It’s wrong, though. The kind of irrigation we see in Mesopotamia before and around the emergence of cities and the state - roughly 3800 BC - is small in scale. A single village’s worth of farmers could have easily cut and maintained the canals that show up in the archaeological record. They could be a few miles long, so they’re not exactly tiny, but they’re a lot easier to dig out than you might think. That’s because the Tigris and and especially the Euphrates are slow-moving and full of silt, which piles up into raised banks as they head south. If you’re cutting an irrigation canal perpendicular to the raised banks, the water flows downhill.
That’s a much easier engineering problem to solve than having to calculate and implement a subtle grade over miles of distance. People did eventually dig canals like this in southern Mesopotamia, sometimes spanning dozens of miles in length and running parallel to the great rivers, but not until much later. Huge state-driven irrigation projects didn’t make the desert bloom and create civilization along the way.
The reality is rather less predictable. The first cities in southern Mesopotamia emerged not in the heart of the floodplain, but at the edges of the great marshes where the Tigris and Euphrates slowly seeped into the Persian Gulf. Between 5,000 and 7,000 years ago, the Persian Gulf extended much further north than it does today, as far as 150 miles further inland.
It’s a bit misleading to say this, though, since much of that 150 miles was less open water than a constantly shifting wetland. Fresh water from the rivers runs into the salt water of the sea, a line that moves back and forth with the tides. Reeds and grasses grow in abundance. Small hillocks of raised land called “turtlebacks” occasionally rise up from the shallow waters.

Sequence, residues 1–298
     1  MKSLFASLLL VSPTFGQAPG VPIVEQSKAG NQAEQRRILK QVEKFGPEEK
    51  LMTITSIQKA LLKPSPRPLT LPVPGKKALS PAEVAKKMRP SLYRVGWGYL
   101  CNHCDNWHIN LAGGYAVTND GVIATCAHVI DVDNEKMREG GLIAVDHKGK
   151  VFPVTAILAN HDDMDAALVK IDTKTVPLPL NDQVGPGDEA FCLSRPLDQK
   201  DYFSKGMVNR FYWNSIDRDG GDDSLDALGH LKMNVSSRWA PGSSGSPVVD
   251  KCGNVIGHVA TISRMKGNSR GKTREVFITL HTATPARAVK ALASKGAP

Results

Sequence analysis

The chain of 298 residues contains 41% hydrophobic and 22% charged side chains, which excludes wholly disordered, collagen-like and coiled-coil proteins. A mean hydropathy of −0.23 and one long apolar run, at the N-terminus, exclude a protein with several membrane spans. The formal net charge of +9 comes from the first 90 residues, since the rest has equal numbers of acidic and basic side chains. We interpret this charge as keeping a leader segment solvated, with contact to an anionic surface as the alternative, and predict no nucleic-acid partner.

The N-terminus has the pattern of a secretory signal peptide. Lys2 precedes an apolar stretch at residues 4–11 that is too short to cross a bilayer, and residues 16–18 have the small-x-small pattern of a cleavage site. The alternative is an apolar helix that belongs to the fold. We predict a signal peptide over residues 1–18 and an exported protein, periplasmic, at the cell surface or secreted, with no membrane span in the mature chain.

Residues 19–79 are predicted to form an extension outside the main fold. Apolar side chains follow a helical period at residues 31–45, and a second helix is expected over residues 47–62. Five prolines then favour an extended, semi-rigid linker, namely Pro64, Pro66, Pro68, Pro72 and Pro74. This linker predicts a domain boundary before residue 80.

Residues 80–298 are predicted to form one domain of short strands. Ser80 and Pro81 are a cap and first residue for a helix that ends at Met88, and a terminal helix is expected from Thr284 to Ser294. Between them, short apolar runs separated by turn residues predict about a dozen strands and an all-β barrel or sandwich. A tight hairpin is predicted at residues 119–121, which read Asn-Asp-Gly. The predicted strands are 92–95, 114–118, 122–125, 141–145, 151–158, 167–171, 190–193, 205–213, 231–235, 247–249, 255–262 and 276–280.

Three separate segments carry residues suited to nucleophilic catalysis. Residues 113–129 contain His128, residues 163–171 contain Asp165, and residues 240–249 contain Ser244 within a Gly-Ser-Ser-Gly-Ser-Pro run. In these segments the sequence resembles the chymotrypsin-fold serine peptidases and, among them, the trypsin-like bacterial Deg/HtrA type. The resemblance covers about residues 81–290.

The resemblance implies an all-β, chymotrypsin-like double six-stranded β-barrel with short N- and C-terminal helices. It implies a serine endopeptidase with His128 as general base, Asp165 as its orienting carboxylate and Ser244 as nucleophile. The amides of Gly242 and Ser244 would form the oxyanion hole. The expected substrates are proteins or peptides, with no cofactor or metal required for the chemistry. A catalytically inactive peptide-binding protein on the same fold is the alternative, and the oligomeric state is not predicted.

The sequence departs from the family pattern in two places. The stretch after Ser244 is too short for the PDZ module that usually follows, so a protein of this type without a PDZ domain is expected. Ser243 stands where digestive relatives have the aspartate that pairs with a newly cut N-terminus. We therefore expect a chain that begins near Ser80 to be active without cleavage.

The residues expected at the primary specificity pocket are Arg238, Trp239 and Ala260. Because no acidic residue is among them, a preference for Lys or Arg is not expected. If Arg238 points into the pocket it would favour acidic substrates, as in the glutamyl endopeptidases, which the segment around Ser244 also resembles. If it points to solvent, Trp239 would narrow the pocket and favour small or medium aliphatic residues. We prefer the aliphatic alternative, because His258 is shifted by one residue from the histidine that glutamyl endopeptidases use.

We’re conditioned to think of marsh as relatively unproductive, but that’s not the case. For the people of southern Mesopotamia around 5,000 BC, the marshes were the richest spot in the landscape. They were full of fish, waterfowl, and edible plants. The reeds that grew in abundance could be used for boats, houses, and a variety of other purposes. Practically every one of those turtlebacks was home to a village, often quite densely populated ones.
North of the marshes, along the rivers, farming villages had grown in size and number. Like the marsh-dwellers, the farmers had adapted their own distinctive and clever way of life. Along the banks of the rivers, where water was most plentiful, the villagers planted orchards of palms and intensively cultivated small, productive gardens. Their irrigation canals, up to several miles in length, fed fields of grain. Beyond that, in the drier lands, they grazed herds of sheep and goats. The marshes were close, and they could always take their boats to the nearest patch of wetland to fish or trade their agricultural produce or pottery with the marsh-dwellers.
Here, where the marsh-dwellers met the farmers, was where the earliest cities emerged. This was literally true in the case of Eridu, which the later people of Mesopotamia considered to be the first city and the home of their gods and key institutions: It was situated on the edge of a lagoon that led into the marshes. Some scholars have suggested that Eridu’s initial function, deep in the mists of time, was to serve as a meeting-point between the people who had these quite different ways of life.
The resources of both environments, river and marsh, were essential to feeding and supporting Eridu and the other cities that soon grew up nearby. This remained the case for centuries, well into the period that saw the invention of kingship, the state, urbanism, monumental buildings, and writing. That combination of environments was an essential ingredient of the “civilization” package, and by 3800 BC, it was in place.
Eridu was the first, but it was soon joined by others. Uruk, the greatest of them in the fourth millennium BC, had tens of thousands of inhabitants, trade routes that stretched as far as the Eurasian steppe, and enormous collections of temples and palaces. That was where writing and maybe the state were born, but that’s a story for another time.